According to IDC FutureScape: Worldwide Cloud 2016 Predictions, at least half of IT spending will be cloud-based by 2018 and grow to as much as 70 percent of all IT infrastructure spending (all software, services, and technology) by 2020. That growth is being largely driven by infrastructure as a service (IaaS), which has transformed the way IT departments around the world function and has changed the way business is done.
Essentially, IaaS brings the benefit of the needed computing power and the desired computing capabilities without the added burden and costs of equipment, maintenance, and housing. Although that’s a very big deal, its benefits and impact are much further-reaching as it continues to rise and transform all facets of business for everyone from the SMB to the global enterprise. To understand its rise and importance to every business, it’s crucial to understand the many potential benefits that it brings to the business.
Cost Reductions and Increased Security
In the digital business era, data is the engine fueling the business, so data growth and its associated needs have made it untenable to rely solely on in-house data centers. Whether public, private, or hybrid, Infrastructure as a service has completely transformed the business landscape by enabling cost reductions while drastically improving agility, scalability, flexibility, and security.
Managing a traditional data center and its complex infrastructure is costly. That’s one reason why the current maturity and dominance of IaaS is rooted in its ability to dramatically reduce costs in ways that enable businesses to reduce or even eliminate their data center footprint. The virtual nature of IaaS means that businesses can:
- Forgo the major operating-expenditure purchase for hardware
- Reduce total cost of ownership (TCO) due to reduced on-site data center maintenance and provisioning costs that tie up IT teams
- Focus on core capabilities such as providing solutions, business transformation, and overall support of corporate strategic goals
Businesses must struggle with viable means of securing data at rest and in transit while also dealing with data growth. Cyber threats, as well as other disasters that can mean downtime at best and data loss in the worst-case scenarios, are increasing in lockstep with a shifting mix of regulatory compliance needs for customer and client data. With IaaS, the leading providers maintain state-of-the-art facilities, security, firewalls, and higher operating standards that meet or exceed SOX, FDA, PCI, and HIPAA requirements.
Business Continuity and Disaster Recovery (BCDR)
The rise of IaaS has been fueled by the fact that any disaster, whether man-made or natural, that threatens operational uptime and data availability must be avoided. In the on-site data center world, necessary redundancy comes at too high a cost, so IaaS provides a consolidated business continuity and disaster recovery infrastructure that:
- Reduces storage costs while increasing and simplifying manageability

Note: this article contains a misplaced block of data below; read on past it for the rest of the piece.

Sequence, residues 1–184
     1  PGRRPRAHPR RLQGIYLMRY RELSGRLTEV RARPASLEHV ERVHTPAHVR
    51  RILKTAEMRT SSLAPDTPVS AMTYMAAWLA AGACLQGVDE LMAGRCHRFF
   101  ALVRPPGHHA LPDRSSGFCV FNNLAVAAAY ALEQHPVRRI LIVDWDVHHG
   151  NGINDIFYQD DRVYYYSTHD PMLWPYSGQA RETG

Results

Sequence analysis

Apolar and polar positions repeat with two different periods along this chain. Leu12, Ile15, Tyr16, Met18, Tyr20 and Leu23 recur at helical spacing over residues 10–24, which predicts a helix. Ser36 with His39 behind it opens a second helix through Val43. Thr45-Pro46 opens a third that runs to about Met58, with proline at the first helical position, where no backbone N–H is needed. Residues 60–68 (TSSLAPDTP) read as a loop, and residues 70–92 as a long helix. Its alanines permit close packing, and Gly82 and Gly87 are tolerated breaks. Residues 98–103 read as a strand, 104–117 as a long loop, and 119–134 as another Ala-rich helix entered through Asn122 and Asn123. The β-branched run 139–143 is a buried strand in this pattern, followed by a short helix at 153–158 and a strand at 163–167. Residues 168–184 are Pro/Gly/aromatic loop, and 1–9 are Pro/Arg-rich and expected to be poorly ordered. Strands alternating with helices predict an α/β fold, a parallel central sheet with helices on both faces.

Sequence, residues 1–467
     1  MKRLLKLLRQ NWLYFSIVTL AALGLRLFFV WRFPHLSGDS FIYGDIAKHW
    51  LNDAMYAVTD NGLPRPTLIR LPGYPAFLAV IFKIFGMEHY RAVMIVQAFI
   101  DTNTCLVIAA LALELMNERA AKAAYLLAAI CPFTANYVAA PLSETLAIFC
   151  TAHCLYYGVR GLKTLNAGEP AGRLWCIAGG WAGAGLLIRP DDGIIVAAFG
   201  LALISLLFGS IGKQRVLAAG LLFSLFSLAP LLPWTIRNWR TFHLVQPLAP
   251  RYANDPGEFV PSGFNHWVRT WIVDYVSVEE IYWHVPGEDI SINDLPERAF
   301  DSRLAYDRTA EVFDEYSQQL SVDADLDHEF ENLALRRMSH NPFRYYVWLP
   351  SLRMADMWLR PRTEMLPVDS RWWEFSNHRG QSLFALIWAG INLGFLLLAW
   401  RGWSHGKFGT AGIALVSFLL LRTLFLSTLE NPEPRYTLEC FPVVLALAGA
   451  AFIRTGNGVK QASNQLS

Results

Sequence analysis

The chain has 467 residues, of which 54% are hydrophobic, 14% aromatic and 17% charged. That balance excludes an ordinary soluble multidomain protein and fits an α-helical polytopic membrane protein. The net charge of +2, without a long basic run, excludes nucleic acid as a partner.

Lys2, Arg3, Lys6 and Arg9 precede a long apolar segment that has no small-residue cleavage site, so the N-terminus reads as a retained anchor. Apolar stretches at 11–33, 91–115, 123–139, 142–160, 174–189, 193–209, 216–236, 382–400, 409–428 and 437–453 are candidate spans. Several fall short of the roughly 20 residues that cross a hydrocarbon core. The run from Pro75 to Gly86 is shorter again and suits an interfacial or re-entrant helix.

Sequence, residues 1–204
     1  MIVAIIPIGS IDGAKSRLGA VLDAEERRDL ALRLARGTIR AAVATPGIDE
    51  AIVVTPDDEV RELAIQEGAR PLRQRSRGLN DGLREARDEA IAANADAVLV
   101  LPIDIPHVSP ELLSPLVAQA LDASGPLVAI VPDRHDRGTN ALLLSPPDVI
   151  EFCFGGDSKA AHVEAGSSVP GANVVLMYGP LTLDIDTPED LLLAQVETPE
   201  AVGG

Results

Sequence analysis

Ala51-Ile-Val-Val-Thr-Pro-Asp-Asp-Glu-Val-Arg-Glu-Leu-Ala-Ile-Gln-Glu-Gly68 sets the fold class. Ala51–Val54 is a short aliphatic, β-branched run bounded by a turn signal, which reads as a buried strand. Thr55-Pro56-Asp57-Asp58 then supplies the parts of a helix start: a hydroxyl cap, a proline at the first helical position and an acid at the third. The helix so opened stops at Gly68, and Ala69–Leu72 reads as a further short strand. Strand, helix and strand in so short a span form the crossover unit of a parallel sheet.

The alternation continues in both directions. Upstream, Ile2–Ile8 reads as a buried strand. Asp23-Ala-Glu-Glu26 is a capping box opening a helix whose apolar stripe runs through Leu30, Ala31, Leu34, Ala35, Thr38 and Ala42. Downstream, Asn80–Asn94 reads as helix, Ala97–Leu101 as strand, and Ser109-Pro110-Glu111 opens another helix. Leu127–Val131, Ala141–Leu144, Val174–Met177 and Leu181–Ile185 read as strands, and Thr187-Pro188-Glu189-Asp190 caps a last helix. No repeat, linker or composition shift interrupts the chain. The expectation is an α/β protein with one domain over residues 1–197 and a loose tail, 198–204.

- Makes capacity scalable to meet unpredictable demands and sudden or growing storage requirements
- Enables backup to the cloud technology and system or application restoration on demand
- Provides high-availability support for cloud apps via fail-over options on both a regional and global level, including automated backup options, and is a redundant network of provider data centers
- Delivers core design networking firewalls and security, as well as providing SLAs boasting overall reduction in unplanned downtime to obtain a record of 99.999 percent system uptime with built-in redundancy
Increased Business Flexibility, Agility, and Elasticity
While cost reductions and increased security have played a major part in the rise of infrastructure as a service, these are just some of the benefits that are tied to its ability to enable greater business flexibility, agility, and elasticity. Some of the more salient ways that IaaS increases these attributes for business are:
- It enables greater flexibility in integration and divesting of data centers and allows for quicker ramp-up/ramp-down of infrastructure
- It provides practical cloud bursting for fluctuating capacity needs and enables speed to innovation
- It frees up time, money, and manpower to further innovation, application development, and business growth by enabling scalable, on-demand DevOps and application flexibility in the face of changing workloads and demands
- It enables born-in-the-cloud apps to go mobile and still have the scale and speed advantages of IaaS
- It offers real-time application monitoring and optimization to meet changing business, customer, user, and market demands
Infrastructure as a service has reached a maturity level that removes the doubt of adoption by large and small businesses. As it continues to mature, it also continues to evolve to be compatible with the evolution of technology, as well as the needs of businesses across sectors operating globally. While IaaS is not a ready-made panacea for all challenges and goals, its building blocks hold the key to customized cloud services approaches that fit the needs of every business today and tomorrow.